• @RameshDahiya, I want to get the output of a target in a variable, not the output of an exectask. I would like to have a repetitive logic inside something like a function.. – Sandeepan Nath Apr 25 '16 at 13:10
5
+25

I think I understood your purposes, and at the same time I feel like you chosen not the optimal tool of doing this.

As you mentioned in your question, official documentation on phing is clear about tasks (targets):

Targets are collections of project components (but not other targets) that are assigned a unique name within their project. A target generally performs a specific task -- or calls other targets that perform specific tasks -- and therefore a target is a bit like a function (but a target has no return value).

Targets should be components of your application, which execute specific task, atomic task. It could be initialization task, configuration fetching, compilation step, assets preparation and dumping, deployment task, clean-up task, etc. There's no "output", returned by target in the standard sense, but the result of target execution is the success of execution itself: success or failure.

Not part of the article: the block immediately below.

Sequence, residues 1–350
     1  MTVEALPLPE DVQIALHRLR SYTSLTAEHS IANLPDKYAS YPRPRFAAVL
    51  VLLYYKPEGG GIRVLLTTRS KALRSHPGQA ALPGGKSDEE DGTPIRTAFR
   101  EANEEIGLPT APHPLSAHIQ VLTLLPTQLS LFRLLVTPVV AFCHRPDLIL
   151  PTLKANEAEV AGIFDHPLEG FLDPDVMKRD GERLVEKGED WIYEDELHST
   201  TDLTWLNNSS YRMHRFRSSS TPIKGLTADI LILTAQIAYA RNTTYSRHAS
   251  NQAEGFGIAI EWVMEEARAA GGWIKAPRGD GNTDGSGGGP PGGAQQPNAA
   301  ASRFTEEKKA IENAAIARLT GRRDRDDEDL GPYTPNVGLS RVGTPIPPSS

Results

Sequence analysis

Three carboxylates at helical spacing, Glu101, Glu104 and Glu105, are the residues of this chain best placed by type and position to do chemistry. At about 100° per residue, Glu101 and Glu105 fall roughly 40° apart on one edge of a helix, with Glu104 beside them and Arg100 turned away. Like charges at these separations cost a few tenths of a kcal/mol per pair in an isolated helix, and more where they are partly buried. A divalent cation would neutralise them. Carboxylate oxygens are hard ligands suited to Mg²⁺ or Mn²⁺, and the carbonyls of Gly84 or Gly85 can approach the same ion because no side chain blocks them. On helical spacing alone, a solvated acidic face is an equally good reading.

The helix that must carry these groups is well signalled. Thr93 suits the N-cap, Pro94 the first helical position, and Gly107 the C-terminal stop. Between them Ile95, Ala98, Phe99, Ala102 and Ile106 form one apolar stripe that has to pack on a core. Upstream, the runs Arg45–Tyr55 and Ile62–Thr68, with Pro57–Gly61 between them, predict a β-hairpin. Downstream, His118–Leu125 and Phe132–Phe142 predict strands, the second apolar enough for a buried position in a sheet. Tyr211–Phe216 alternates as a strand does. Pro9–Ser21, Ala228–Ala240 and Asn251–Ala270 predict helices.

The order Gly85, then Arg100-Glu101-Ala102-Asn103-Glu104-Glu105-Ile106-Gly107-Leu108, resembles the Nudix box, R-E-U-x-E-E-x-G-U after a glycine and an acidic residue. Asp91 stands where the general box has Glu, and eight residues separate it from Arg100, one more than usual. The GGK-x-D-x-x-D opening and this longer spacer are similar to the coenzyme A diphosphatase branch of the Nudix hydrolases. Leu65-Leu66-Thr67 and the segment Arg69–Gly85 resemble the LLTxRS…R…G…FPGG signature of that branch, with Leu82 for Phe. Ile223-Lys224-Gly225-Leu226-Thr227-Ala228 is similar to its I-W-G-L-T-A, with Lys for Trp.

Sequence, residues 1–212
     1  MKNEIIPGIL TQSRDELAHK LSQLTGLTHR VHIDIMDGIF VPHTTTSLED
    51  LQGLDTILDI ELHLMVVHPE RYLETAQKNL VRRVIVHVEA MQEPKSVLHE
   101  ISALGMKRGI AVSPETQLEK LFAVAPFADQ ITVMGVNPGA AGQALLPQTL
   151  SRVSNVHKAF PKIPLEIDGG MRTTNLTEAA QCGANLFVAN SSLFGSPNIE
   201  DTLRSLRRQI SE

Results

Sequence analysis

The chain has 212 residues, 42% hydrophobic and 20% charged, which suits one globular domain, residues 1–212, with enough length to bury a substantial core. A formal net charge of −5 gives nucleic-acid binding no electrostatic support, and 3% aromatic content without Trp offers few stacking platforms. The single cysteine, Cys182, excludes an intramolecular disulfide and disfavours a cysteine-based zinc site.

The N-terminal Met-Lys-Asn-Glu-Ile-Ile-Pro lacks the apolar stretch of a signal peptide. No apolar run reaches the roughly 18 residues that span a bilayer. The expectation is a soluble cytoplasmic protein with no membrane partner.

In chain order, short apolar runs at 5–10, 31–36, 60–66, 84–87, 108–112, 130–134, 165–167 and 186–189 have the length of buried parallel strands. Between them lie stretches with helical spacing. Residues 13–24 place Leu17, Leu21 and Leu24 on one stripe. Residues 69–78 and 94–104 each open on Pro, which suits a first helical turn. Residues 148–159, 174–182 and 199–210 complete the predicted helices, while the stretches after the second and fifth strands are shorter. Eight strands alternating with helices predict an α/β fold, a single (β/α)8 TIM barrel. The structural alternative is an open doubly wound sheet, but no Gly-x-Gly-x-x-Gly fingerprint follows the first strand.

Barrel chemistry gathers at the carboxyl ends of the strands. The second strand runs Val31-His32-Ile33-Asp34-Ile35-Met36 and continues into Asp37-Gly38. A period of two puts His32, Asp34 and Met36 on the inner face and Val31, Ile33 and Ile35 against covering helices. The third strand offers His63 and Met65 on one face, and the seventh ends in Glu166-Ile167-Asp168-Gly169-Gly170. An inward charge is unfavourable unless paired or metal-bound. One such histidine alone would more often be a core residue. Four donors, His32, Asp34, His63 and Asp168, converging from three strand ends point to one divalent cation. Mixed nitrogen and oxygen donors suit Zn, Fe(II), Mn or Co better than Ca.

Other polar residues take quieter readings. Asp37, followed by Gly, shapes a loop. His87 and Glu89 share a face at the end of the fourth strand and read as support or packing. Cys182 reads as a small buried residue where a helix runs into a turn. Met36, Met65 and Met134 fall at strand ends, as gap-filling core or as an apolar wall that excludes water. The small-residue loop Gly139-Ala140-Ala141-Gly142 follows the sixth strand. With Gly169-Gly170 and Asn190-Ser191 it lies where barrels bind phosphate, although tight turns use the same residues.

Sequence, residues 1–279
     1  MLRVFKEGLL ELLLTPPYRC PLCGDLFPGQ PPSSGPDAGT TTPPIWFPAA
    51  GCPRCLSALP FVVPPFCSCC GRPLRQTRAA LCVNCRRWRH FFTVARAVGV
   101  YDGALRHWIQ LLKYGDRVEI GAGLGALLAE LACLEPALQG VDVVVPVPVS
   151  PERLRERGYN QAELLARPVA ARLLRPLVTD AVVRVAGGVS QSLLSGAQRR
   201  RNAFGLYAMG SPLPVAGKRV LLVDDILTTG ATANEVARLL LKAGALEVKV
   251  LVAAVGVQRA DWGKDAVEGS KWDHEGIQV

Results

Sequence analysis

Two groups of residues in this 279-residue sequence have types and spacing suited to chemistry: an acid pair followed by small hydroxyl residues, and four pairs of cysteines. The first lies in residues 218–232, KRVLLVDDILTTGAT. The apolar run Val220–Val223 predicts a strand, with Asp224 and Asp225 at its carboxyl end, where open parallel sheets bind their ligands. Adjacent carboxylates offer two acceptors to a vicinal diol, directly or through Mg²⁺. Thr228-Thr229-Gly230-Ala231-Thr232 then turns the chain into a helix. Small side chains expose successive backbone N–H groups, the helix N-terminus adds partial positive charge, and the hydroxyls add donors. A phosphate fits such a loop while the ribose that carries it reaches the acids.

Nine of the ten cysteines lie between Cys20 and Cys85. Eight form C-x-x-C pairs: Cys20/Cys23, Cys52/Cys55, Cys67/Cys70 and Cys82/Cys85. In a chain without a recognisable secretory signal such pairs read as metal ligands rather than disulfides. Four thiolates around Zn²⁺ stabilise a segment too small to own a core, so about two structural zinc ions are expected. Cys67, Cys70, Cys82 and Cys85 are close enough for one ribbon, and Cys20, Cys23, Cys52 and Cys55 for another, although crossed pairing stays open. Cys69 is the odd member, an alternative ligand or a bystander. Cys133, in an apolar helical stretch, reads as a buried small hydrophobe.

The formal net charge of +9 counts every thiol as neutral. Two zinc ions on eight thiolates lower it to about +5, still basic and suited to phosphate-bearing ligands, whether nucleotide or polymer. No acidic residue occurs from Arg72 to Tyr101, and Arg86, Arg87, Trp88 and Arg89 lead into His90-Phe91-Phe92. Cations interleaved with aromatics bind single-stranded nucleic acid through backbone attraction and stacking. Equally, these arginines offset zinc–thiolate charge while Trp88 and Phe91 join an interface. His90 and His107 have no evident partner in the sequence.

One should not try to put way too much of logic into such project targets, as it is not intended to do complicated calculations, do heavy logical decisions, etc. I mean, Phing can do it, such things are possible, but this setup would be bulky, unreadable, and hard to scale/re-factor.

With Phing you can easily define conditional execution and branching of logical flow, you may define the sequence of execution of tasks (dependencies) - this is what makes it laconic and elegant. Keep targets as simple as possible, split the project into small, finished logical tasks.

Based on the projects I've been working with, the biggest targets, probably, were initialization stage and configs fetching. Here's some example, to understand what it might contain, I took it from real project: